Fermilab welcomes new Office of Communication Director

Katie Yurkewicz, former U.S. LHC Communicator, takes over as Director of the Office of Communication at Fermilab on Jan. 10.

Katie Yurkewicz, who has worked for the past four years as the U.S. LHC communicator, will become the new director of Fermilab’s Office of Communication on Jan. 10. She replaces Judy Jackson, who will reitre in February after heading the office for 15 years.

After receiving her Ph.D. in nuclear physics from Michigan State University, Yurkewicz decided not to follow the traditional research or teaching career paths. She moved to Fermilab in 2003 to join her husband, Adam, a DZero physicist, and decided to pursue science writing. Jackson hired her to write several articles for Fermilab Today and FermiNews as a freelancer and then hired her as an intern. Realizing her talent for communication and passion for science writing, Jackson offered her a position as the first communicator for computing grid projects spearheaded by the U.S. particle physics community, and founding editor for the newsletter that became International Science Grid This Week. In 2006, Yurkewicz moved to CERN in Geneva, Switzerland, and became the first U.S. LHC communicator.

Jackson said that having a communicator funded by the U.S. and based at CERN was an experiment by Fermilab, CERN, DOE and NSF, born of a strong communication partnership between the two laboratories. Yurkewicz, she said, made the experiment a complete success.

“She’s very levelheaded and has been a great strategic thinker throughout our media events,” said James Gillies, CERN’s head of communication. “She’s a great choice for Fermilab’s office, but we’re sorry to see her go.”

Over the past four years of media swirl surrounding the LHC startup, Yurkewicz has been responsible for coordinating LHC communication in the United States, handling CERN’s queries from U.S. media, training U.S. LHC scientists to communicate with the media, and writing articles about the LHC. She also co-organized the Angels & Demons lecture series, which took advantage of the Hollywood spotlight to promote the LHC and particle physics.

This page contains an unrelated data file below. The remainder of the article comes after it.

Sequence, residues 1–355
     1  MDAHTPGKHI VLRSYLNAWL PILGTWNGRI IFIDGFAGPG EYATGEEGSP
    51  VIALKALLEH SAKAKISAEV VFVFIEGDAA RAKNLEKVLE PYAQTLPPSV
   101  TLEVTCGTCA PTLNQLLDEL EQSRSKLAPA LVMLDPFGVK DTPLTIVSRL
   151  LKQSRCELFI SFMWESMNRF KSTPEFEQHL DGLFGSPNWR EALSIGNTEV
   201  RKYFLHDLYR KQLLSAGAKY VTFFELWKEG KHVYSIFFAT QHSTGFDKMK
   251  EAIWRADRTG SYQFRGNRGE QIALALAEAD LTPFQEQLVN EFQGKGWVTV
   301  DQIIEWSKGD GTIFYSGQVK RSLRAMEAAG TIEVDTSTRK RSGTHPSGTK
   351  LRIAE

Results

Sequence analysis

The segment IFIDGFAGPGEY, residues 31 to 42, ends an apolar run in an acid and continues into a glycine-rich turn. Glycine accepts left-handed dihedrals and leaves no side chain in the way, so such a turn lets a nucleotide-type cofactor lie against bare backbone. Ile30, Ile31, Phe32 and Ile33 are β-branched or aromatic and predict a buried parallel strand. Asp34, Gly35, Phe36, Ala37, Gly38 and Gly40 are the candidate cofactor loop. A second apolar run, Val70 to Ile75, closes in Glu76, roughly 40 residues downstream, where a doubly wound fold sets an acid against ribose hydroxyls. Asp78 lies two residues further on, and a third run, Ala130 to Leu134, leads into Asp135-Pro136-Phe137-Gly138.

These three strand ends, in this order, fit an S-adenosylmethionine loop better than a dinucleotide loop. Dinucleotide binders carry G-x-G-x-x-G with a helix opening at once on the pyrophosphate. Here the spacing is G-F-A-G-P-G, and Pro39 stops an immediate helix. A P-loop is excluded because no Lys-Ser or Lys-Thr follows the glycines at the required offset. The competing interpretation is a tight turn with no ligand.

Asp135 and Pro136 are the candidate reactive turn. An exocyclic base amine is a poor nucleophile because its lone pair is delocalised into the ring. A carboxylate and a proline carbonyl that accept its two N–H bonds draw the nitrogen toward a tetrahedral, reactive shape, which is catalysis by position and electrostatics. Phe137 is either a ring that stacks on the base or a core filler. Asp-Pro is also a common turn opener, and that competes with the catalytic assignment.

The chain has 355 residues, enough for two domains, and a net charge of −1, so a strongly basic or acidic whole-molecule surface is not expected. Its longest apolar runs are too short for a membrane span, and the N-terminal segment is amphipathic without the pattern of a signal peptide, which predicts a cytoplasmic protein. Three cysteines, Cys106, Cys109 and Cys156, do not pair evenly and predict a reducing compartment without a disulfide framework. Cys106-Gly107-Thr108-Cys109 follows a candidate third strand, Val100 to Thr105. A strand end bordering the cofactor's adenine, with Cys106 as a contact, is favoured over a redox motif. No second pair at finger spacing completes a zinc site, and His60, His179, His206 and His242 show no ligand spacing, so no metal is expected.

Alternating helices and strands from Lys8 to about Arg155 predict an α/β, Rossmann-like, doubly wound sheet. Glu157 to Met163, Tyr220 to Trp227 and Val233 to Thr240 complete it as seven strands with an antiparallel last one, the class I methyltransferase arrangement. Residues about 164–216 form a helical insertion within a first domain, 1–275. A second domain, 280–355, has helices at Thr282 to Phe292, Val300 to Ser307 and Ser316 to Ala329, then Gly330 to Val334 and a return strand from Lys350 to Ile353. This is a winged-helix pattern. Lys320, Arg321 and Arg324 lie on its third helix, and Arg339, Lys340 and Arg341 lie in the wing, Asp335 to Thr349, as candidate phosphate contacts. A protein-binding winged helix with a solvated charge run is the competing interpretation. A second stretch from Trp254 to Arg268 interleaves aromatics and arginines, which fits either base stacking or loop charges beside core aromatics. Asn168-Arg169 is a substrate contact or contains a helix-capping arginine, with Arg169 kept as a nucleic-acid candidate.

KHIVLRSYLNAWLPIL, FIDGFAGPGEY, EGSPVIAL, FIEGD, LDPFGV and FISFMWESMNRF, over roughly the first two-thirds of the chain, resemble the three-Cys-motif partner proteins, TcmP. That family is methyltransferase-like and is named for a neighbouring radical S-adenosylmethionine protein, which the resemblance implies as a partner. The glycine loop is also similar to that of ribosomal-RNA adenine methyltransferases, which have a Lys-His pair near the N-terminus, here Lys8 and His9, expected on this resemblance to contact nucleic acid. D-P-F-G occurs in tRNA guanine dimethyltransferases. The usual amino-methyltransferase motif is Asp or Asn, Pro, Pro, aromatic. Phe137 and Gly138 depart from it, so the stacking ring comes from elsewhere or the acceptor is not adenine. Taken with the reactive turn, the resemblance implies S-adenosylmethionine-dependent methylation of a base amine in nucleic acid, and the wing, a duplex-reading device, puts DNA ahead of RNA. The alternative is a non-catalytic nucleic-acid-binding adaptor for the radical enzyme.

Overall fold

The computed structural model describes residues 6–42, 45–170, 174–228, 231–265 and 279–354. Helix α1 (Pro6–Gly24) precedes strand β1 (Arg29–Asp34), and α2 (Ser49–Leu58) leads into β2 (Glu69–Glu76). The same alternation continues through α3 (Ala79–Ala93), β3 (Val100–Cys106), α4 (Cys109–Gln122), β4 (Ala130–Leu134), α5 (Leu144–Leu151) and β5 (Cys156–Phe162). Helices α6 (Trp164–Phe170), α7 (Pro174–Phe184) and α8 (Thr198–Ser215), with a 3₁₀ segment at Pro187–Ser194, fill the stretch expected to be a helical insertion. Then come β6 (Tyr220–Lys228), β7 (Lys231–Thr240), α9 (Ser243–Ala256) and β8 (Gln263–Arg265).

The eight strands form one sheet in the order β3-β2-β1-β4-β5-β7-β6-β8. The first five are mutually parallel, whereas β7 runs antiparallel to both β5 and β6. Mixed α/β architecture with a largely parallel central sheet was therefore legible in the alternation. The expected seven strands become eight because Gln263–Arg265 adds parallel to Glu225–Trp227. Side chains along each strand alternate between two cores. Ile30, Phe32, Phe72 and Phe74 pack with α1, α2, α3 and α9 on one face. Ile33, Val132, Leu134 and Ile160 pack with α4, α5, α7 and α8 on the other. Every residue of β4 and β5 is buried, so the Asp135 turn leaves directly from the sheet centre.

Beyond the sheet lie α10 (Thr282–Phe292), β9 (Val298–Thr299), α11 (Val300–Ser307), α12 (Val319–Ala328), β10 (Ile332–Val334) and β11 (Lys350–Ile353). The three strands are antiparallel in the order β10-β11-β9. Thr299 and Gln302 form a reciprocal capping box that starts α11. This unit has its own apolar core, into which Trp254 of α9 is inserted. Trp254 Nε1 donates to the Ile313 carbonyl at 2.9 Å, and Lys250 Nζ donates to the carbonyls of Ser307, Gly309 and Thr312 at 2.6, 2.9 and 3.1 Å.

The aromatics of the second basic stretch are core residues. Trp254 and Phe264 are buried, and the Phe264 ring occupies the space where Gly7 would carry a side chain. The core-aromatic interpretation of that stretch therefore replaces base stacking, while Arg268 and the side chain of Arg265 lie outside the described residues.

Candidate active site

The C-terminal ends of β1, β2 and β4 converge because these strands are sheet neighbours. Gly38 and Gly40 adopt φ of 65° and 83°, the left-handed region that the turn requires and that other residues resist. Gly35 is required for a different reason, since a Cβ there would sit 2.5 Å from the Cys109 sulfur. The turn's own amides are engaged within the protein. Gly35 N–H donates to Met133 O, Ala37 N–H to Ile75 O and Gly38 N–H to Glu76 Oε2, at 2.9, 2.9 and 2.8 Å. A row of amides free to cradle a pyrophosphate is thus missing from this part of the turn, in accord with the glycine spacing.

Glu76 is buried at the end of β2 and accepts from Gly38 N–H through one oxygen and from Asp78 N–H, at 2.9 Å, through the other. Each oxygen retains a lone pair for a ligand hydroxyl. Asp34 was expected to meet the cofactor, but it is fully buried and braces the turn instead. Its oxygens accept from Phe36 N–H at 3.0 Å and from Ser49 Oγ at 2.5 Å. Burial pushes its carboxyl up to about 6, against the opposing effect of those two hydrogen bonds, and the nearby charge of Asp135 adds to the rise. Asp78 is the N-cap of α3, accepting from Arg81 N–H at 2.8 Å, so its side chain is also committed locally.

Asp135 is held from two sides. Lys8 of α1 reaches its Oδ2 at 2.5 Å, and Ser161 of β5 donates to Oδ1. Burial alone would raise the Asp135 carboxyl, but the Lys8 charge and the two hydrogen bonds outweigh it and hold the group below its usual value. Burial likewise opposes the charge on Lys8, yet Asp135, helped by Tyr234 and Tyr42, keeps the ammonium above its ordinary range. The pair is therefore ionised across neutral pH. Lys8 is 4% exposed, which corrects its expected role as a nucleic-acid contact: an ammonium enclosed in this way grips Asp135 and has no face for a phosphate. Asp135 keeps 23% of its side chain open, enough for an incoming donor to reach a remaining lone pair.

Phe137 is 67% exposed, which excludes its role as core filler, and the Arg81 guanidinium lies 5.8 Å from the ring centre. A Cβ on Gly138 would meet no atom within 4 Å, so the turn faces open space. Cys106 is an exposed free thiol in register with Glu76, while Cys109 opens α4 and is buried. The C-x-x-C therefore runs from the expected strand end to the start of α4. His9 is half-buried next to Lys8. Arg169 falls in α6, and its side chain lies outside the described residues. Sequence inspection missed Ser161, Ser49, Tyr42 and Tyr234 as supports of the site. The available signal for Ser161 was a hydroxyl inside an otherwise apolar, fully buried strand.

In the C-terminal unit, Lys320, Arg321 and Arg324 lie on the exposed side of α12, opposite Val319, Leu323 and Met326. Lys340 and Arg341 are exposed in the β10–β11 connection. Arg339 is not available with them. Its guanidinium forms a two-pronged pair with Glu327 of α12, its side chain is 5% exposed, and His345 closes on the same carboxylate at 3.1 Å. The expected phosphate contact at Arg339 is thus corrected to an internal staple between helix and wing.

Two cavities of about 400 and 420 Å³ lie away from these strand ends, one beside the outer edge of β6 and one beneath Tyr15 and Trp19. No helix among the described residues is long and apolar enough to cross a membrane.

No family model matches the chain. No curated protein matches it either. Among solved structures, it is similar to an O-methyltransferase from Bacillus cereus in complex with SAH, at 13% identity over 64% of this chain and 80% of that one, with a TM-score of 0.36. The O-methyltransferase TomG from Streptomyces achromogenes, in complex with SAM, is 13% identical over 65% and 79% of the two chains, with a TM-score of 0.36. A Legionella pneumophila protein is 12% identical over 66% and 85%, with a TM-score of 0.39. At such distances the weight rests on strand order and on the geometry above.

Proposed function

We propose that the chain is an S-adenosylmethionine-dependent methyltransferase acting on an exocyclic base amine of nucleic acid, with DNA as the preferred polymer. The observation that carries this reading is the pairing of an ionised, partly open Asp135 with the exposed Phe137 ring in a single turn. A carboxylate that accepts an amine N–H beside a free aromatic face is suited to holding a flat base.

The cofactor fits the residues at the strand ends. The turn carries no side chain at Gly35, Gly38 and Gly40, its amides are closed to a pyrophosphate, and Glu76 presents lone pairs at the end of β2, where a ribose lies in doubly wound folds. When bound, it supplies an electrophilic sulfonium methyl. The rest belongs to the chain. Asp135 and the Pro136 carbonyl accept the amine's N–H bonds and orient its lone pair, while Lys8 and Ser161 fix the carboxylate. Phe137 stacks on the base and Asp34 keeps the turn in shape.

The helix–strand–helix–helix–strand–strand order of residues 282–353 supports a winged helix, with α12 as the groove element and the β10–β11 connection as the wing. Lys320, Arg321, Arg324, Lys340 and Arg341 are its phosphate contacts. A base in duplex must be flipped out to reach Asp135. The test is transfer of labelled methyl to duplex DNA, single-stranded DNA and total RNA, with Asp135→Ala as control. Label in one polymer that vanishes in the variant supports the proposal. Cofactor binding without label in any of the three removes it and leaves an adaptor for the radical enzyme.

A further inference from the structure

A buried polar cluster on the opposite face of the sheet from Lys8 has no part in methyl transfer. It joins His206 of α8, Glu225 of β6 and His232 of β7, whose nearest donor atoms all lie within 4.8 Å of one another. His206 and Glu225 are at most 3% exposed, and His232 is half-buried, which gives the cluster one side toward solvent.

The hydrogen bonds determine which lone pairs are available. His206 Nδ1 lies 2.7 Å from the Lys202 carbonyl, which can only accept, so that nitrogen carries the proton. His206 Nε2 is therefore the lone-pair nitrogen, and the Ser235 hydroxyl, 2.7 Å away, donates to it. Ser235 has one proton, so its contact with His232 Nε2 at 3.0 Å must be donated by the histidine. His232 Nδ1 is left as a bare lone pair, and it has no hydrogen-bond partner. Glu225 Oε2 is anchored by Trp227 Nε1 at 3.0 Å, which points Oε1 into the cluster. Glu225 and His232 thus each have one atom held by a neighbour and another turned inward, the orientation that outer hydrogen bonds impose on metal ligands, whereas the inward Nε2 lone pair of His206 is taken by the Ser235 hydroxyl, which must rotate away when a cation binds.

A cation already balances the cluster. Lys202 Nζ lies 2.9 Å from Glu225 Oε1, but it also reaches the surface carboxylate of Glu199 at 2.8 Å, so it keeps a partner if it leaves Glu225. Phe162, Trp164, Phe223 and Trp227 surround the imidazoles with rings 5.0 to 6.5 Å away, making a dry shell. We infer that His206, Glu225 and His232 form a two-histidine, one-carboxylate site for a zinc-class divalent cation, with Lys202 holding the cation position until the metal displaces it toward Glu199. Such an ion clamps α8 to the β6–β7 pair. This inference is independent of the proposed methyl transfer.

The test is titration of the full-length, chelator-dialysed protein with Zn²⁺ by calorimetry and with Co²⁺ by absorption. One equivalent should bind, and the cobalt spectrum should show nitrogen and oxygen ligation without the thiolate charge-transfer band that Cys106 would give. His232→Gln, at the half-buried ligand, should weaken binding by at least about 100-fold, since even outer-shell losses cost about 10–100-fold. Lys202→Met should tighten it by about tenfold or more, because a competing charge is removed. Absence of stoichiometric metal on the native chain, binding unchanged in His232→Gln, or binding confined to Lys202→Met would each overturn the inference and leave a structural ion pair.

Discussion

“Her skills were forged in the fire,” Jackson said. “She was involved in the greatest particle physics moment in recent years. I have no doubt she will succeed in this role.”

Although she will miss the mountains of the French countryside, Yurkewicz is excited to return to Fermilab.

“I’m looking forward to the challenge of communicating all the aspects of the way we do science,” Yurkewicz said. “With the eyes of the nation and the world on particle physics and physicists, it’s an excellent opportunity to tell the story of the day-to-day work of the scientists, engineers, technicians and administrators at our laboratory.”

Jackson said that Yurkewicz has a good understanding of the importance of science communication.

“Fermilab produces world-class science because of the efforts of laboratory staff and users working and communicating, together,” Yurkewicz said. “I’m excited about continuing, improving and enhancing communication within our diverse laboratory community, as well as between our laboratory and our neighbors.”

— Sara Reardon